This review originally appeared in the Winter 2019 issue of History News.
Teaching with Primary Sources
By Christopher J. Prom and Lisa Janicke Hinchliffe (eds.)
(Chicago: Society of American Archivists, 2016)
Reviewed by Marietta Carr
Primary sources have long been a critical piece of the curricula at all levels of education, but recent changes to education standards, approaches to teaching, and library and archives services have increased the demand for robust instructional services and access to archival collections. Archivists have responded with creativity, variety, and pragmatism in meeting their communities’ teaching and learning needs. Teaching with Primary Sources, edited by Christopher J. Prom and Lisa Janicke Hinchliffe, gathers some of the struggles archivists have faced and the solutions they have developed in delivering instructional services. The book is divided into three modules. Each module focuses on different aspects of the topic, ranging from theoretical frameworks to case studies and example assignments. As Hinchliffe explains in her introduction, the book is designed as a primer for instruction in academic archival contexts, but can be applied to cultural heritage organizations generally and used by busy educators looking for inspiration for impending primary source instruction sessions.
The first module lays out a theoretical framework of archival literacy and relates it to concepts and literacies commonly addressed in teaching and education literature such as information literacy, assessment, and domain knowledge. The second module moves into more practical ground by proposing solutions to possible barriers to teaching with archival materials. While the first module gives archivists the terminology and conceptual background necessary to engage with faculty, the second module is a how-to guide for implementing instructional services. The module includes tips for identifying resources like time and professional development, communicating with administrators and faculty, and creating lesson plans. The third module explores common themes expressed in case studies and interviews with archivists, college faculty, and a high school teacher. This module includes examples of assignments and class tools that can be adapted to each reader’s institutional situation.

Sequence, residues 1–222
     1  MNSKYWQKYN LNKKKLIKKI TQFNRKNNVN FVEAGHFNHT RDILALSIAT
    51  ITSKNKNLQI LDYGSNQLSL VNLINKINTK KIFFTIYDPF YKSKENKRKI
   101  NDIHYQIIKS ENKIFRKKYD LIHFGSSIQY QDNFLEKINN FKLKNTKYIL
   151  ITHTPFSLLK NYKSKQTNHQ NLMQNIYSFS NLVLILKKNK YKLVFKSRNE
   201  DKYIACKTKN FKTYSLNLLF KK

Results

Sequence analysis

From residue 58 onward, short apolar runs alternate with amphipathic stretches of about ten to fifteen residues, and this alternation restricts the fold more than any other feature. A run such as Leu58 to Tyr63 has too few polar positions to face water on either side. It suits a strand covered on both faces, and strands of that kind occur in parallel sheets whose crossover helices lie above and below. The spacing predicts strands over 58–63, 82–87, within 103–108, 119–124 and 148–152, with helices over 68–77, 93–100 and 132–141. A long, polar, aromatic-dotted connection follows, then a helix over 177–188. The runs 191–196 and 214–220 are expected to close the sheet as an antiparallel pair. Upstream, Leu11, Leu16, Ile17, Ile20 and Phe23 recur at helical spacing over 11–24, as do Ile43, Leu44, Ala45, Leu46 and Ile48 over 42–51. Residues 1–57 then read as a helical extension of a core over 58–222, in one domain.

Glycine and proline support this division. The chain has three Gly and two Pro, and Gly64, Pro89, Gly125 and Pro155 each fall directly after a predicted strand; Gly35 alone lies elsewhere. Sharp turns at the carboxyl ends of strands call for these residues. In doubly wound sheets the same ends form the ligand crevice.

Teaching with Primary Sources is an excellent overview of this trend in archival practice, especially for archivists with little formal teaching experience or training. Each module includes an appendix with suggestions for further reading so interested readers can delve further into the topic. There are several recurring themes that appear in each module. Perhaps the most prevalent theme is the authors’ emphasis on building relationships with educators. The authors point out that one of the most common instructional services is a single session within the context of a larger course. Strong collaborative relationships with faculty will make these sessions more effective and create opportunities to develop other types of instructional services. For example, one archivist reported that the professors he worked with revised their course learning objectives in response to feedback from archives staff. This theme also highlights two of the book’s weaknesses: a predominant concern for academic archival settings and a lack of input from K-12 teachers. The authors draw primarily from their own experiences as archivists in higher education institutions and interviews with other archivists and faculty.
While the academic archivist will benefit most directly from the authors’ advice, the book is written with the larger cultural heritage environment in mind and the authors’ solutions can be adapted to non-academic institutions. Online tools such as tutorials for accessing and citing materials can encourage college students to use non-academic archives. Creating programs for students in newer initiatives such as massive open online courses (MOOCs) and co-curricular programs in colleges’ education departments can benefit both the cultural heritage organization and the academic institution. The authors stress that selecting the right materials significantly impacts educators’ success in integrating primary sources into their curriculum or museum programming. For example, items with unique provenance or preservation histories will engage students and adult audiences and enable significant learning experiences. Educators must have clear and limited objectives for what they expect the audience to learn when working with their primary sources, recognizing that many individuals will likely lack necessary analytical skills such as visual literacy.
Marietta Carr is the College Archivist at Cuyahoga Community College in Cleveland, OH. She holds an M.L.I.S from the University of Pittsburgh and an M.A. in History from Northeastern University, and can be reached at email@example.com.
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